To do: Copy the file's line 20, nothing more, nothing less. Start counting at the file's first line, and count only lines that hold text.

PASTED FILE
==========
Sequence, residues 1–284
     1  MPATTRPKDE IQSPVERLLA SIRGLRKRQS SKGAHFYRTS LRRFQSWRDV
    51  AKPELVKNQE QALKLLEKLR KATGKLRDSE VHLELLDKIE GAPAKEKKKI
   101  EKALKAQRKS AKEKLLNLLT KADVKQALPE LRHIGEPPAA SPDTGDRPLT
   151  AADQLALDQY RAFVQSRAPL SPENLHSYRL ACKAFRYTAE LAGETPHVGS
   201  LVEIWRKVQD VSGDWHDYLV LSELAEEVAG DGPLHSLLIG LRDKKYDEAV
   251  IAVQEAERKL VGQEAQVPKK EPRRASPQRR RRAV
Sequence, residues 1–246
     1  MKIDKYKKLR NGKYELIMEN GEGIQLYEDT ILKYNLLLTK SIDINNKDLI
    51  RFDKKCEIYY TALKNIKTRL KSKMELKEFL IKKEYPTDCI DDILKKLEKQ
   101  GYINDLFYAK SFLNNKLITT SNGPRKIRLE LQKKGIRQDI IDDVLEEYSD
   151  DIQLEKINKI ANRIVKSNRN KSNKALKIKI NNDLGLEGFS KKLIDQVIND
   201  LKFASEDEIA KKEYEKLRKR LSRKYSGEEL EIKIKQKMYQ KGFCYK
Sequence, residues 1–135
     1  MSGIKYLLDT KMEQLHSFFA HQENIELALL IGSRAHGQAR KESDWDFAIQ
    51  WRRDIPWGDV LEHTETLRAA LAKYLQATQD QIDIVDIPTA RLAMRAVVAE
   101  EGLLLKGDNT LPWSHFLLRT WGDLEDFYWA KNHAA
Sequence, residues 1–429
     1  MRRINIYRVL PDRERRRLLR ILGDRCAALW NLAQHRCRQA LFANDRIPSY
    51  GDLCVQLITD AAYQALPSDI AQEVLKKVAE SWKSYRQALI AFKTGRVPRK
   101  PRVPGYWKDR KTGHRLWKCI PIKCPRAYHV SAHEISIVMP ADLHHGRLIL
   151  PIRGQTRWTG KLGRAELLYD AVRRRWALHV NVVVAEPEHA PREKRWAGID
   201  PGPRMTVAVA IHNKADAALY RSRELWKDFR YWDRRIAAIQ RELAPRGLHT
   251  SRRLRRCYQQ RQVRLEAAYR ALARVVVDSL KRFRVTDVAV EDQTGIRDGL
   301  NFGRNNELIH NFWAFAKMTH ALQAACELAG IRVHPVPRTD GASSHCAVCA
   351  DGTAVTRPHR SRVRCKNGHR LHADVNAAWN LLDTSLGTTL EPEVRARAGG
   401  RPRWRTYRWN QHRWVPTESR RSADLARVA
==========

    51  GDLCVQLITD AAYQALPSDI AQEVLKKVAE SWKSYRQALI AFKTGRVPRK